The Children of Israel may number like the stars in the sky, but after struggling to conceive, tests at the fertility clinic showed that my egg count did not. And my husband’s sperm? Let’s just say it was wandering the desert.
Still, we were desperate to love a child. When we got “the call” that we had been chosen to adopt toddler twin boys, our years of heartache gave way to the immediate practicalities of helping children transition to our home. We had one month to outfit our house with beds and clothes and books and toys and to acquaint ourselves with the reality of becoming parents to two busy young boys who had already been through so much. I was at once euphoric and terrified, worrying constantly. Lying awake at night, my mind swirled with questions both mundane (“how many pairs of pajamas are enough?”) and existential (“am I the mother they deserve?”).
Amidst all these doubts as a new mother, what never crossed my mind was religious conversion. So I was surprised when people asked, “Are you going to convert them?”
I couldn’t help but wonder: from que to que?
My husband and I are raising our now 6-year-olds in our secular Jewish home — the same one they would have been raised in had they been born to us. The very question of conversion felt like another othering of our adoptive family, drawing a fundamental and primal distinction between the single act of giving birth to children and raising them that had blurred for me, but, apparently, not for some around us.
As a Hebrew day school graduate, I know academically of Judaism’s matrilineal descent, but as an adoptive mother to two perfect little boys, this strict construction feels, well, academic.
Is Judaism in the egg? The womb? In biblical times Judaism passed through the father, a practice changed for logistical reasons when rape made it difficult to confirm the father, and hence the paternally dictated religion. If the process could be altered by men in response to the behavior of men, is it really immutable?
I consulted with the current rabbi of the synagogue where my husband and I were members as children, and where many of our family members are still congregants. While my sons may have a Jewish identity, the rabbi tells me, they do not have “Jewish status.” To have Jewish status, my sons must attend the mikveh (an exercise that would be difficult given their insistence on never needing a bath) and perform hatafat dam brit — a procedure for turning a non-religious circumcision into a brit milah by drawing blood from where the foreskin had been.
I felt a spiritual record scratch. They need to do what now?
The rabbi assured me it doesn’t really hurt, but I also assured my sons the COVID vaccine didn’t hurt and I don’t need to tell you how that went.
I couldn’t stop thinking about it. I couldn’t stop imagining telling my children that a stranger is going to hold their penis and make it bleed for symbolism, before submerging their heads in water, naked, as another stranger watched to confirm.
“Why?” they’d ask, as they often do. But I wouldn’t know how to answer. Nothing seems satisfactory. To be Jewish? Because others see the circumstances of your birth as not enough?
Without Jewish status, my sons cannot be bar mitzvahed or married at the synagogue that bar mitzvahed and married their father and me. Nor could they be bar mitzvahed at most of the other synagogues here in Toronto, the rabbi cautioned me. I’m saddened when I hear this, but I realize my sadness is not for my boys’ exclusion but for the institution excluding them.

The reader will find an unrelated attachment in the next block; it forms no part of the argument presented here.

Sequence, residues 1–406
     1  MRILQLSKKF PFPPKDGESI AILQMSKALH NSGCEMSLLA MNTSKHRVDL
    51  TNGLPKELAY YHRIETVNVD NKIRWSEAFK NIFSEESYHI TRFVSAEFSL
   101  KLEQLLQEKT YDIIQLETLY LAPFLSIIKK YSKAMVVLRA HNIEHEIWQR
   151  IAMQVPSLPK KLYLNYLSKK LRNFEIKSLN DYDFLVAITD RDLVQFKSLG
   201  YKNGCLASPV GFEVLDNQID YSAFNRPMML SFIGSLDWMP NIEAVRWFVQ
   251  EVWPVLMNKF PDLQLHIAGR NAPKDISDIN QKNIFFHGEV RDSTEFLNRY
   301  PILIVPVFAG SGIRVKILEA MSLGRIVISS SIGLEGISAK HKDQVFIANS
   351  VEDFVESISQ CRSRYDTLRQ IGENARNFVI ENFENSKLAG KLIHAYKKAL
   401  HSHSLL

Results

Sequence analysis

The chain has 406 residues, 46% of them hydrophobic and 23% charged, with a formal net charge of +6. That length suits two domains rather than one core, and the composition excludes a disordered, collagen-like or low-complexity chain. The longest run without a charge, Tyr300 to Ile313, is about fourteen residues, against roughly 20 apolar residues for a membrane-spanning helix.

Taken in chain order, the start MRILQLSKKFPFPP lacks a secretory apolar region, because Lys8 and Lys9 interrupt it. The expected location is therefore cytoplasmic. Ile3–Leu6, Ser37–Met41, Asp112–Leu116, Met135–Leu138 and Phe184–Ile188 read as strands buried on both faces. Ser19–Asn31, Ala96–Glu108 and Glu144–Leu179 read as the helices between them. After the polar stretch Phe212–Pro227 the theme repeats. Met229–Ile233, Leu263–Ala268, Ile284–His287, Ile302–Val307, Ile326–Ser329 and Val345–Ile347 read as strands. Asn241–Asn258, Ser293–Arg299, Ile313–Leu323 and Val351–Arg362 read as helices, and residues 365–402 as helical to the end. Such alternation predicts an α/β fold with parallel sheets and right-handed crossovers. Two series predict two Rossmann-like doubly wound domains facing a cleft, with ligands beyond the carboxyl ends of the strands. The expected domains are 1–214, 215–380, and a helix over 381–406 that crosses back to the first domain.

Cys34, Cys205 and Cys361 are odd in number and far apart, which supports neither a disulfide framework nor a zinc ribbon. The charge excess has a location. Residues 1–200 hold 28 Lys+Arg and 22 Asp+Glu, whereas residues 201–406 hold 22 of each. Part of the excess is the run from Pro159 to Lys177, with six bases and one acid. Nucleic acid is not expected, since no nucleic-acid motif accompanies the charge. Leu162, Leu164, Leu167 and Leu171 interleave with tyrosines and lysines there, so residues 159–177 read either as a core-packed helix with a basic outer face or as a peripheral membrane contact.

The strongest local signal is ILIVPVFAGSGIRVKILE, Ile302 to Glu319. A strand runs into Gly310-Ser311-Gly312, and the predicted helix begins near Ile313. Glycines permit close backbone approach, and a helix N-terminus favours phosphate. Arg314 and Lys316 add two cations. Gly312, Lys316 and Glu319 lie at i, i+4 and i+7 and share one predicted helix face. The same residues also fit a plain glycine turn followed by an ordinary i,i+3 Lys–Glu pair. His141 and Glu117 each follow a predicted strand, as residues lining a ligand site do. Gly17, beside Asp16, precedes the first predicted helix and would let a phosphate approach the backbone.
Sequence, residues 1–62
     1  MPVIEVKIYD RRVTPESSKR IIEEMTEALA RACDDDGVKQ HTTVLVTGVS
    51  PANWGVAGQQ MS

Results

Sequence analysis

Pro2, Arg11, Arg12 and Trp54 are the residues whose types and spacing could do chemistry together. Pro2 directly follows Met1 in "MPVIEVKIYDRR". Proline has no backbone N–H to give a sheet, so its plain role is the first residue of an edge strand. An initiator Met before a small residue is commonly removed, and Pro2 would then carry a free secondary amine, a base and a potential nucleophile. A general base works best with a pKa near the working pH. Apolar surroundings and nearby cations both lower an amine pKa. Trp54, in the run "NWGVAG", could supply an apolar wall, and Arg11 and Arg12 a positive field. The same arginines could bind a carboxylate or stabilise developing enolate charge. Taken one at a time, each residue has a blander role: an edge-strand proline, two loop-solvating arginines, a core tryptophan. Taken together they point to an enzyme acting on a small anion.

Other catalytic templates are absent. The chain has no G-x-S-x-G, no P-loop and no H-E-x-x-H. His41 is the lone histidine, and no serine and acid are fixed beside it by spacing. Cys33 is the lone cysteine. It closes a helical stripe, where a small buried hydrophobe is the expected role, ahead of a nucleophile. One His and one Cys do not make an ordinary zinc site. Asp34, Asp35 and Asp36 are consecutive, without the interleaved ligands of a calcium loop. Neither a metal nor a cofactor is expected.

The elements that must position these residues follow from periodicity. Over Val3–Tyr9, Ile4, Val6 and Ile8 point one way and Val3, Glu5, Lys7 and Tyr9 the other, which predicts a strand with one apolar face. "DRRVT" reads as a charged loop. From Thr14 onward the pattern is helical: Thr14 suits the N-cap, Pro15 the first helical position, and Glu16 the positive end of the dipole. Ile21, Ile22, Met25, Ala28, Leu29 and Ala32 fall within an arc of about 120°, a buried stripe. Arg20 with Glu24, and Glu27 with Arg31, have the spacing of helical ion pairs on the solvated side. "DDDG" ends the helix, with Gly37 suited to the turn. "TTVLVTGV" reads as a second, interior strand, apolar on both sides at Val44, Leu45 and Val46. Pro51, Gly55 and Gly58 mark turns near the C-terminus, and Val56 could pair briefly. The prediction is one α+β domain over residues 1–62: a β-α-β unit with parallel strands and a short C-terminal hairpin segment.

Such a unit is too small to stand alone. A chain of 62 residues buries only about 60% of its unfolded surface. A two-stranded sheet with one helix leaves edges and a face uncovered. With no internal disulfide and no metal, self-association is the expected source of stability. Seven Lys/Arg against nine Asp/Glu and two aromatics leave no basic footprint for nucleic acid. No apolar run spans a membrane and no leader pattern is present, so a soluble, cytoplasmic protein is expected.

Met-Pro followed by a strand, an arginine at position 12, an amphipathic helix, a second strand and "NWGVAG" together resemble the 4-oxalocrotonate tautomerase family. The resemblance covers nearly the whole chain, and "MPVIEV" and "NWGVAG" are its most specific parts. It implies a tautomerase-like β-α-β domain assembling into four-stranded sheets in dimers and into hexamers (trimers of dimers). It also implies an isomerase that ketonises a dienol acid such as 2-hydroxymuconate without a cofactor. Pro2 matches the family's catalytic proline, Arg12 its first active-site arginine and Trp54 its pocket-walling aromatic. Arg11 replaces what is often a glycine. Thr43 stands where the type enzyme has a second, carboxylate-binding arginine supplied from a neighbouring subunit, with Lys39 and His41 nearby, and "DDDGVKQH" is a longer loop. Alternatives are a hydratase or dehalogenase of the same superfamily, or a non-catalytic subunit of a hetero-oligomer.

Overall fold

When I look at my children, I am overcome with the enormity of the miracle that is our family. That in this whole wide world we found each other, and despite the enormous pain we’ve all suffered, our hearts are still open to love. That my children can still love so deeply, to me, has been the greatest show of faith and has forged a covenant between us so meaningful and so enduring, I cannot imagine asking them to do anything else.
Love is the foundation of my family and, I’ve come to realize, my Judaism. Our family was built by love and just as we were a family long before the judge stamped our adoption order, so too will we be Jews without a paper stamped by a rabbi.
I think back to a Yom Kippur almost a decade ago when, in the depths of my sorrow, my family indulged me by attending a secular humanist service together where the prayers were bookended by Anne Frank quotes and protest songs. We sang and giggled at the campiness of it all. But when the rabbi said, “We fast not just in the service of the almighty, but in recognition of all those in the world who are hungry,” a sob caught in my throat. The humanity of the prayer cracked open my aching heart that yearned for the privilege of loving and nourishing another. I felt my husband, my father and brother each put a hand on my shaking shoulder as I felt like Hannah.
Should my boys have a bar mitzvah, as recognized Jews or not, they too will be surrounded by a family that loves them — aunts and uncles and cousins, a bubbe and a zaide to light candles and bless the challah. They will be surrounded by their parents who have hopefully raised them with a sensitivity for the world at large, with a wholeheartedness that honors their birth parents, their history, their family and all those in the world who are hungry.
I envision my family encircling my sons, holding hands and swaying as we sing together the song I sang to myself in my deepest moments of pain, when I wondered if I would ever get to love a child. They are the words of Rabbi Menachem Creditor written for his daughter born after 9/11, trying to bring together both believers and atheists:
Olam Chesed Jibaneh
I will build this world from love
And you must build this world from love
And if we build this world from love
Then God will build this world from love